A GUI and a Wizard

One of the brilliant things about conferences like Interop is the hallways (and if you’re not going to Interop, this is why you should be!). It’s not that I don’t enjoy the sessions, but—like the IETF—I often get much more out of the conversations with folks who know networking, and yet have a completely different view of the problems we face in the networking industry, and hence completely different ideas about the way forward in resolving those problems. One of my major problems in life is I often can’t think of a solid answer when I’m sitting there in the conversation itself (one of the reasons I always converted TAC cases to email, rather than sitting on the phone with a customer).

One such conversation (with @cigoodwi) brought out a phrase I thought I’d never hear in the networking world—”a GUI and a wizard.” The context was this: what most x% (your beliefs about the percentage may vary) companies need is a network they can run with a GUI and a wizard. It’s a startling statement, of course, but—in reality—true in many respects. Given this is our goal, the question is: how do we get there?

There are (at least) two different ways forward. The first is to depend on “the vendors”(cue unicorns here) to solve this problem. For instance, one of the “best of show” winners at Interop this year is the Alcatel Enterprise fabric. It’s pretty impressive, actually—you plug up a port, and the new device largely configures itself. For a network with a small to moderate number of routers and a fairly straightforward set of services, this is a major leap forward in deploying network gear—pretty close, in fact, to a GUI and a wizard. Of course, you must live in an Alcatel centric world to use this feature. So let’s assume this illustrates this “GUI/wizard based” network without programmability, just for the sake of argument. This leaves us tied to a particular hardware vendor, and leaves us with a nice painted picture on top of a really ugly mess underneath. Anyone who’s tried to troubleshoot an ugly mess when it doesn’t work knows where this particular path heads — forget the 5:30 quitting time, or the straight sleep through the night.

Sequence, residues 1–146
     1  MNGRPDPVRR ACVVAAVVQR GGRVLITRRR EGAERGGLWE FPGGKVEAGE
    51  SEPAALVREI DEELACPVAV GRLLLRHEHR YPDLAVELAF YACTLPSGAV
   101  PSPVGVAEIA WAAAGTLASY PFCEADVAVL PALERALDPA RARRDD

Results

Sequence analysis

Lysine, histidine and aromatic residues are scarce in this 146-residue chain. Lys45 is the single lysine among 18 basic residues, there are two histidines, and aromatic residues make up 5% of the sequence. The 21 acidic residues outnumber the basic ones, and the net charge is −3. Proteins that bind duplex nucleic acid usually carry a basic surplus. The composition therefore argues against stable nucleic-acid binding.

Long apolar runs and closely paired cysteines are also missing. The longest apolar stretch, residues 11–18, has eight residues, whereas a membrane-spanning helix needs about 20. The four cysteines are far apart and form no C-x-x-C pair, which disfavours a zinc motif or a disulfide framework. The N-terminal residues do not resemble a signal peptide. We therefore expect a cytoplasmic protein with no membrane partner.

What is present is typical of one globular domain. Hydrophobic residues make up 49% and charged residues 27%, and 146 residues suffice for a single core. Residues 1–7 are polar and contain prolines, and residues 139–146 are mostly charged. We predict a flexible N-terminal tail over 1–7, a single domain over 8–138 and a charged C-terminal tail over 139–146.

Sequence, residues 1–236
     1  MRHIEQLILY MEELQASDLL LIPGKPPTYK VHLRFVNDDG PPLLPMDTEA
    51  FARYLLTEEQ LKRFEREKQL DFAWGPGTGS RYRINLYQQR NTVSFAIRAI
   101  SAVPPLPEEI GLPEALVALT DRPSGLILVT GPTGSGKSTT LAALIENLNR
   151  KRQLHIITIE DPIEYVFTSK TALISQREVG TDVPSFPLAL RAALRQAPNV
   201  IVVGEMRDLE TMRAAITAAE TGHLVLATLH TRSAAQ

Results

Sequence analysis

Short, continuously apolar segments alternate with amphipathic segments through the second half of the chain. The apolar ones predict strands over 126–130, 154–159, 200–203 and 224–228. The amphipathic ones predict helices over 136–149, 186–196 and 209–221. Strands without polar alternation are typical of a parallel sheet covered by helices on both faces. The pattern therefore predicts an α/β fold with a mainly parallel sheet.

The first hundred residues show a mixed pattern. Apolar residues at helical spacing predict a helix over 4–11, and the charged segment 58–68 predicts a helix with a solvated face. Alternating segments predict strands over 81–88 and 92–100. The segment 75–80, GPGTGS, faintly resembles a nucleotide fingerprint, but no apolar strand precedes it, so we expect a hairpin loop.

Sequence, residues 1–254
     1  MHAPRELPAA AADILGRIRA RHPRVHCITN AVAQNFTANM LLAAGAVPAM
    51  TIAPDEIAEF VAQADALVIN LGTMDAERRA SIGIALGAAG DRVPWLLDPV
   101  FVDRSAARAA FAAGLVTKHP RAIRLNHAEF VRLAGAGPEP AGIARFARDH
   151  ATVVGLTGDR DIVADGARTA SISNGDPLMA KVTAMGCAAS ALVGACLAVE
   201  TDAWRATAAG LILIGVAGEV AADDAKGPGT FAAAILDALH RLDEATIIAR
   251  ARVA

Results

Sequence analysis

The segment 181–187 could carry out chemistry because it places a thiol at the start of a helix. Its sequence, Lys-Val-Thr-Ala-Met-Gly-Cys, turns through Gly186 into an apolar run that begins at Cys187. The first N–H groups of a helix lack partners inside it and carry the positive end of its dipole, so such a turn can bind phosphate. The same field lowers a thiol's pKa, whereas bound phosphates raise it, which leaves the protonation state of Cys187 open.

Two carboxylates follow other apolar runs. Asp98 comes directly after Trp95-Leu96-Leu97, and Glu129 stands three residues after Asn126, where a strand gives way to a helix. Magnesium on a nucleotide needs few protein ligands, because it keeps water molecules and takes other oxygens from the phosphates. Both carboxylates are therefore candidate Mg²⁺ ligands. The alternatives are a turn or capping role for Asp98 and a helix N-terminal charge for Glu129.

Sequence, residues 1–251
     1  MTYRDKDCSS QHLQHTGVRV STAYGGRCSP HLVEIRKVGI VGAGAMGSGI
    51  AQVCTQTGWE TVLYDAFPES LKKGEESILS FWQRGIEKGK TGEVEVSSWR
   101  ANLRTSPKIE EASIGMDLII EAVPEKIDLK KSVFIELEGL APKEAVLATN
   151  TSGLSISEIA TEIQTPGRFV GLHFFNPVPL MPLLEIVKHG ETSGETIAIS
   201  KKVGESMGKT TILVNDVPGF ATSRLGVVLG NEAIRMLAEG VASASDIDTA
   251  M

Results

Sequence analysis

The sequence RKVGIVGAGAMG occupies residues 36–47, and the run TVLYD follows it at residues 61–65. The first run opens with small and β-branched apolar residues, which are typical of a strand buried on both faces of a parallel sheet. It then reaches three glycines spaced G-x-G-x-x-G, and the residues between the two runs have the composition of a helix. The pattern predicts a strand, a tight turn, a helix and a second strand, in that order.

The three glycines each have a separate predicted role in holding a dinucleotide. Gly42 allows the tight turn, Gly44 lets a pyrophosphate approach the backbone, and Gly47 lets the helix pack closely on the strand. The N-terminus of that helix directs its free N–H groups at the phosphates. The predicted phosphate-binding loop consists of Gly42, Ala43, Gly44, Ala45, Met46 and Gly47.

What is our other option? Let’s go back to the PC market as an imperfect example (because we know the PC market and networking markets are not complete analogs). MS Windows (the OS everyone loves to hate — after all, every universe needs Darth Vader, doesn’t it?), LINUX, and OS/X have, over the years, become much closer to the “GUI and a wizard” standard we’re looking for. The hardware that underlies these operating systems has also, largely, become pretty simple to put together. I well remember the days of yore, when I would stand up twenty or thirty systems on a bench to build—it wasn’t an easy process. I could spend a week standing 30 servers up pretty easily, from the physical build to the software installation.

By contrast, the last system I built took just an hour or so in hardware, and the last laptop migration I did costs me about three hours total. I just bought three tiny servers for a lab; I estimate putting them together will take me on the order of an afternoon, if not shorter. Things have clearly changed in the personal computer world, no matter how much we might whine.

But — why? How has this situation come about in the PC market? I would argue it is specifically because the hardware has been separated from the software. A number of operating systems can run on a number of different CPUs, so the hardware folks and the software folks are, within certain bounds, “set free” to pursue a GUI and a wizard in their own realms. The competition software against software tends to produce software that’s easier to use, and runs on a wider array of hardware devices — software “ecosystems.” The competition between hardware platforms tends to produce hardware that will run a wide array of software, because that’s a primary way to gain a broad base of sales. Given this, I’m going to wax bold and say something that isn’t likely to make my cisco friends happy (and my Juniper, Arista, and other friends…).

Given the way networks work—that they are actually a system of systems distributed across time and space — there is only one way we’re really going to reach the nirvana of a GUI and a wizard. That one path is through figuring out how to separate the hardware from the software. And the only way to truly separate software from hardware in the networking world—given the nature of networks—is through network programmability. Note that I didn’t say the hardware must be reduced to “commodity,” as I don’t think that’s even necessarily a desirable outcome. I also didn’t say all software should or can be open source, as I don’t think that’s true, either.

But if you really want a GUI and a wizard, the path to that destination is by developing and using a single set of standard APIs between the hardware and the software—in other words, vendor neutral network programmability. At least that’s the way I see it.